Our first neuro was wondering why mom had bowel obstruction for a while. At least he said he was going to look into it more, but we found something on this web site about the autonomic nervous system affected by GBS, printed it out, gave it to the doctor, who thanked me for educating him (humble doctors are great!).

      I agree, the doctors who think they know all about GBS and are not open to learning are very discouraging. It is a rare disease, and maybe more doctors should be observing my mom right now so they can learn from her (I say!). But, I don’t think she’d like to be gawked at like a monkey at a zoo. =)

      I was wondering how you’re doing with the vaccine compensation (if you don’t mind me asking)? I haven’t started with hers but plan on doing so soon. Did you have to pay a fee?

      Thanks Guitar Guy! ———————————

      I’m absorbing as much as I can watching PT and OT work with mom everyday. I am learning, through observation, how to get her out of bed standing, then into a chair. In her current state, walking would require a gigantic machine that will dangle her in the air (like a rockclimbing belt). It’s been difficult explaining to her why we are making her do things (old-fashioned Taiwanese parents who’ve never actually gone to a gym to work out or never completed a sit up in their lives…it’s kinda funny in a black humor way).

      I’ve been moving her arms/legs every weekday for the past 3 months. She has great range of motion on everything except for her left shoulder and first knuckles of her fingers, because all the tubes were on her left, and I was afraid to move them out of the way. I’d forget to get her to make fists. There’s too many things to do, and not enough time (or my memory) to do them! =)

      When we are on our own I’ll make sure to hit you up (and the rest of the forum) for exercise suggestions. I was hoping she wouldn’t need the high tech machines by the time she comes home. So we have to wait and see.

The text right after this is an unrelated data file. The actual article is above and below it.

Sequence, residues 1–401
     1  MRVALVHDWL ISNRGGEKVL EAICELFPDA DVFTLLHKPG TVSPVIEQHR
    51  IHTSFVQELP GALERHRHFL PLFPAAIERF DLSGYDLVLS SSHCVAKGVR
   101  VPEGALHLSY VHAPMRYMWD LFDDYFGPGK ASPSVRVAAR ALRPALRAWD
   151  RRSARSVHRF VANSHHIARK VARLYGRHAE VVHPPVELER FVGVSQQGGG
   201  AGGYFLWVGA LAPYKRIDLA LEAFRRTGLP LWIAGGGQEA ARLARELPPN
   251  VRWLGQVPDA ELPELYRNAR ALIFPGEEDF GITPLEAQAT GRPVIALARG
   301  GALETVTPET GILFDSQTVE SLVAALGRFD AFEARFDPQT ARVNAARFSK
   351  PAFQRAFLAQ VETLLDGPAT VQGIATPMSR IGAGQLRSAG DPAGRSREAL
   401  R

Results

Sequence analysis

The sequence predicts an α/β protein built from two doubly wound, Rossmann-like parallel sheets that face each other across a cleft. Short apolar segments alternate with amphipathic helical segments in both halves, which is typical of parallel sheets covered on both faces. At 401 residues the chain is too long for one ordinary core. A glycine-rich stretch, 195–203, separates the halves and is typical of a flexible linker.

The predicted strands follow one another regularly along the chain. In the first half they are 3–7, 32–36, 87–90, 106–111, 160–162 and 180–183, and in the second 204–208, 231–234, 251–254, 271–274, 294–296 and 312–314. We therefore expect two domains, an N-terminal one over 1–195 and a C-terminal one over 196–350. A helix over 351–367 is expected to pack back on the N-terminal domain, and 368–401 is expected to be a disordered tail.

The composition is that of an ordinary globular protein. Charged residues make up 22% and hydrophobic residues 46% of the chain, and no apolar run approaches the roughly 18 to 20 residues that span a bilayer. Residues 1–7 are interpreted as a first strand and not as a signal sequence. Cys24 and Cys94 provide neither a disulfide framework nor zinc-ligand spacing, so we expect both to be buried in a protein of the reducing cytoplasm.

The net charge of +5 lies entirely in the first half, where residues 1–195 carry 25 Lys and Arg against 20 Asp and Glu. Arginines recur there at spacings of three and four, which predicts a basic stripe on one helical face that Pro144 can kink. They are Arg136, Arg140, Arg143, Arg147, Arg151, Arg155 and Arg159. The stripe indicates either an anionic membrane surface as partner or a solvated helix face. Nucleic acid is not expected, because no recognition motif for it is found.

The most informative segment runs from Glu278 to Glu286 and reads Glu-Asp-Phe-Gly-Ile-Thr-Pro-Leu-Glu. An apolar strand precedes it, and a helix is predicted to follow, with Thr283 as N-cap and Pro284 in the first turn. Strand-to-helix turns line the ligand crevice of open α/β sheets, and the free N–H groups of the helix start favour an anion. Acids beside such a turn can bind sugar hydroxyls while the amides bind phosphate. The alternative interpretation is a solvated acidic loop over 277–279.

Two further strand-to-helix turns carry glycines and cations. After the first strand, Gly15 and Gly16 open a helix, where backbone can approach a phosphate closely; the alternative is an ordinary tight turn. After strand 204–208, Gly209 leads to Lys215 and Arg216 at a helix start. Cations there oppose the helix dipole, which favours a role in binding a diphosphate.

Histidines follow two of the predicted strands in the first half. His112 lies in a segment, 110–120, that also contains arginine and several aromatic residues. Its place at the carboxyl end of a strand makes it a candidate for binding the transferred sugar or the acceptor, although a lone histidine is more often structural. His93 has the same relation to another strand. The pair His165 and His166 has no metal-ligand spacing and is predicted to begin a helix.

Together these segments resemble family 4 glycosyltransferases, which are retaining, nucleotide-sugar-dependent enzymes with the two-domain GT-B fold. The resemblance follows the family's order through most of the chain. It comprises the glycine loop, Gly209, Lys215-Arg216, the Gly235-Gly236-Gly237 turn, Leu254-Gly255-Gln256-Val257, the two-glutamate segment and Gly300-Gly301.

Hello Pat! ———————————
      Awesome, you handed it to that first neuro!

      I have researched so much of GBS that *I*’ve become an expert (haha I joke!). However, I’m wondering if I’m starting to nit-pick tiny details a bit too much. Like, one doctor who misread the charts and insisted mom wasn’t on any anti-depressants until last week, when the psychiatrist said he increased the dosage last week, and she’d been on anti-depressants for weeks. I fight every battle as if it were important and am getting tired of fighting. =) I don’t know how to recognize what’s not important.

      I have very little patience nowadays, unfortunately, it’s aimed at everyone.

    • Anonymous
      July 20, 2010 at 10:08 am

      Leilani,

      Thanks for your kind words. Just tell your mom to not give up and hang in there. It gets better, very slowly, but it does.

      As for vaccine compensation, I have called around about this. Since the H1N1vaccine is so new, it is not under the traditional vaccine injury compensation program. It is under a new program, the Countermeasures Injury Compensation Program. [url]www.hrsa.gov/countermeasures[/url]. All we can do right now is send a letter of intent, just saying that you would like to file a claim, (within one year of the date of the vaccine) and once the program is up and running, then they will consider your claim for out of pocket medical, wage loss and possibly pain and suffering. Who knows how long that will be though, years I am guessing? There is no fee to file this letter of intent and no need for an attorney. I have called a few attorneys and they are not assisting with the H1N1 vaccine claim filing, again because it is so new. I have a legal background myself, but don’t really have the time to deal with it, but at this point, you just send the letter. You don’t need to send medical records at this time.

      One issue I am concerned about it though is that I have had doctors reluctant to attribute my problems to the vaccine. Now let’s think about this, I was a healthy, active 38 year old, perfectly fine. I get the vaccine and 4 days later, my symptoms start and progress to the point where I lose my reflexes, have arm weakness, lose 25 lbs because I can’t eat, and various other problems. Yet they ask me, did you have a virus, were you exposed to a virus with your kids….I am 100% sure that my problems were caused by the vaccine, but will the govt agree if the doctors won’t back it up? We will see. Good luck!

    • Anonymous
      July 21, 2010 at 1:16 pm

      Hello all,